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Is your affidavit logically, grammatically and ethically wrong (Part 2). NSW Courts Affirm Kane’s Hire

Kane’s Hire was the topic of our previous bulletin, “Is your affidavit logically, ethically and grammatically wrong?” In that Federal Court judgment, Jackman J criticised the process of witnesses attempting to recite word-for-word conversations when it may not be an accurate reflection of their memory. Jackman J indicated that doubt will be cast over the credibility of a witness who gives evidence in direct speech when they can actually only recall the substance or the “gist” of a conversation.

Historically, in New South Wales, evidence of conversations has often been ruled inadmissible by the courts unless expressed in direct speech, and there was some speculation as to how the courts in New South Wales would approach this issue following the Federal Court’s decision in Kane’s Hire.  

That issue has now been resolved with the NSW Court of Appeal’s decision in Gan v Xie [2023] NSWCA 163, in which White JA agreed with the six principles for recording evidence of conversations set out in the Kane’s Hire decision. In this bulletin we discuss the decision in Gan v Xie and its implications for the preparation of affidavit evidence in NSW proceedings.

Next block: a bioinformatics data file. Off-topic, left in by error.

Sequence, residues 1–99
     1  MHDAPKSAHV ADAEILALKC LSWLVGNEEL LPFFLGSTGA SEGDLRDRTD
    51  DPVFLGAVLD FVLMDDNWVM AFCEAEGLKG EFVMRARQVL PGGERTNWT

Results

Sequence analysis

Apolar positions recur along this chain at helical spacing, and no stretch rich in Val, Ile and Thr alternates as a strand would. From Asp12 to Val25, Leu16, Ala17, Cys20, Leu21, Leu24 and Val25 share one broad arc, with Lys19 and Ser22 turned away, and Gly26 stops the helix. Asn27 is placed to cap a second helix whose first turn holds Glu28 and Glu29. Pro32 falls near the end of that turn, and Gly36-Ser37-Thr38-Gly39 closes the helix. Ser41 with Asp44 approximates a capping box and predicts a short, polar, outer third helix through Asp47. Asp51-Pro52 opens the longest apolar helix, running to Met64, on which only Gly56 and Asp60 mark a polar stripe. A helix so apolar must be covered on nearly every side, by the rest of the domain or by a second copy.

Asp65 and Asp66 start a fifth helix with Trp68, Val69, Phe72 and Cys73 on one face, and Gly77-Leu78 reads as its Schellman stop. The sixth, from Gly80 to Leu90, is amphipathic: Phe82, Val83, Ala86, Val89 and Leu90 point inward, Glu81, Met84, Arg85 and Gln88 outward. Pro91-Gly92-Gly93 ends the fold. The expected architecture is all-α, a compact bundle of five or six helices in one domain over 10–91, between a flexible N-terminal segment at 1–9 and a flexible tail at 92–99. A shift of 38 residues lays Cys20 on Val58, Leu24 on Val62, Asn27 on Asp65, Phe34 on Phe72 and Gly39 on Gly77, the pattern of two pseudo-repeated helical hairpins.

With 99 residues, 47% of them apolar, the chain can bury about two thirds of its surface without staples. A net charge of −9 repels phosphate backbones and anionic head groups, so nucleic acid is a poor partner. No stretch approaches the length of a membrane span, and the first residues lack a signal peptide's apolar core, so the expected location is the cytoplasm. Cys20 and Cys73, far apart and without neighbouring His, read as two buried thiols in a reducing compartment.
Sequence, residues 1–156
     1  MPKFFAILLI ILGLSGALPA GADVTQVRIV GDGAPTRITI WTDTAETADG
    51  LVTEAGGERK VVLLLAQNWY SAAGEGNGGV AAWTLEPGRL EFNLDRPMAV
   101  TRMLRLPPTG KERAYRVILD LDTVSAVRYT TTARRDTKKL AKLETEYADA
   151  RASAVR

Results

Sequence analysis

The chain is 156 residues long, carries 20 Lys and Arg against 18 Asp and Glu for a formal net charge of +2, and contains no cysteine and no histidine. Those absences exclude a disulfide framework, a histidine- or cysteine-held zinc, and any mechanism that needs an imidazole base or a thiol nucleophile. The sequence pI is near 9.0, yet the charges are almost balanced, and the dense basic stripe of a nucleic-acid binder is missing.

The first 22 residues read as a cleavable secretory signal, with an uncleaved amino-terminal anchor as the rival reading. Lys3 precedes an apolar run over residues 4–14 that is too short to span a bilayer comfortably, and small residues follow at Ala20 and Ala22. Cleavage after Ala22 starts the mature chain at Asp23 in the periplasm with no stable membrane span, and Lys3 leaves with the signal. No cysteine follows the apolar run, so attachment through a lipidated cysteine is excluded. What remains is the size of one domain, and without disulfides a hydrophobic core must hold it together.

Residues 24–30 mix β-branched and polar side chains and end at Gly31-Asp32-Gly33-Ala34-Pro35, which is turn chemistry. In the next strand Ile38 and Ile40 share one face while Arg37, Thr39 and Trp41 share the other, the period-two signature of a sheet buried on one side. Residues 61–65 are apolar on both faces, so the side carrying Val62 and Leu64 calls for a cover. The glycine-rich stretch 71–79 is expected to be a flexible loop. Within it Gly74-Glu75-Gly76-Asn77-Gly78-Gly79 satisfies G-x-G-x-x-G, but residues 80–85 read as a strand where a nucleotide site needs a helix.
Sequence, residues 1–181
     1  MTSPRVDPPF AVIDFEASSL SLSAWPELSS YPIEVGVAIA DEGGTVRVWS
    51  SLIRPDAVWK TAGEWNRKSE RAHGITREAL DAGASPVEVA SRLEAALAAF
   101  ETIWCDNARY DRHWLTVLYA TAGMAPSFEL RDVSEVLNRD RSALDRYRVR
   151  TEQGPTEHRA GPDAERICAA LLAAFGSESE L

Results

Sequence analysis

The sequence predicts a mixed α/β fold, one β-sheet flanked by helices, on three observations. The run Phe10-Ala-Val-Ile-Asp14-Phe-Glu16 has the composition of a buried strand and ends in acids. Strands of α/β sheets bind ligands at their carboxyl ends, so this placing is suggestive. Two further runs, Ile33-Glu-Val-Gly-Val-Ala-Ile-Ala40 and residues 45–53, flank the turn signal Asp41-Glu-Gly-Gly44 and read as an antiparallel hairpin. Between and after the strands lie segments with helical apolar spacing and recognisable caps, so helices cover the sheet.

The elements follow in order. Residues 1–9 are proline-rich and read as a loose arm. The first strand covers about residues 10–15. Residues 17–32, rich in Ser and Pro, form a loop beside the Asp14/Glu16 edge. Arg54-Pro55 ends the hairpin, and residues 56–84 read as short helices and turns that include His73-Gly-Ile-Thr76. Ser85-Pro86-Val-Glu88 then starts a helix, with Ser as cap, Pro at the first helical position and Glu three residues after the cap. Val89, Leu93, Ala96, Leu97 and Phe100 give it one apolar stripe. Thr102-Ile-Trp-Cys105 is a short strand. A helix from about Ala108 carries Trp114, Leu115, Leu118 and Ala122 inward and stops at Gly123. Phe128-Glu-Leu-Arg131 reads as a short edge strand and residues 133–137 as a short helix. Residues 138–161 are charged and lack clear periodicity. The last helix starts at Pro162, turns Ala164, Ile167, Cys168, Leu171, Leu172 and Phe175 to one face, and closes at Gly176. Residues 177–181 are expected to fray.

Background of the case of Gan v Xie

The case concerned an appeal to the NSW Court of Appeal from the District Court. 

In the District Court proceedings, Ms Gan alleged that Ms Xie had participated in a pyramid scheme and had made misrepresentations to Ms Gan, inducing her to invest in the scheme. Ms Gan sought to rely on evidence from two other investors about representations also made to them by Ms Xie. 

A number of contentious issues regarding the evidence were raised during the hearing of the District Court Proceedings. Affidavits sworn by the two investors included their recollection of the gist of conversations they had with Ms Xie in Mandarin. Having professed their fluency in both Mandarin and English, the gist of those conversations were recorded by them in English in their affidavits. 

The trial judge challenged the reliability and probative value of affidavit evidence sworn by the two investors. This was summarised by White JA: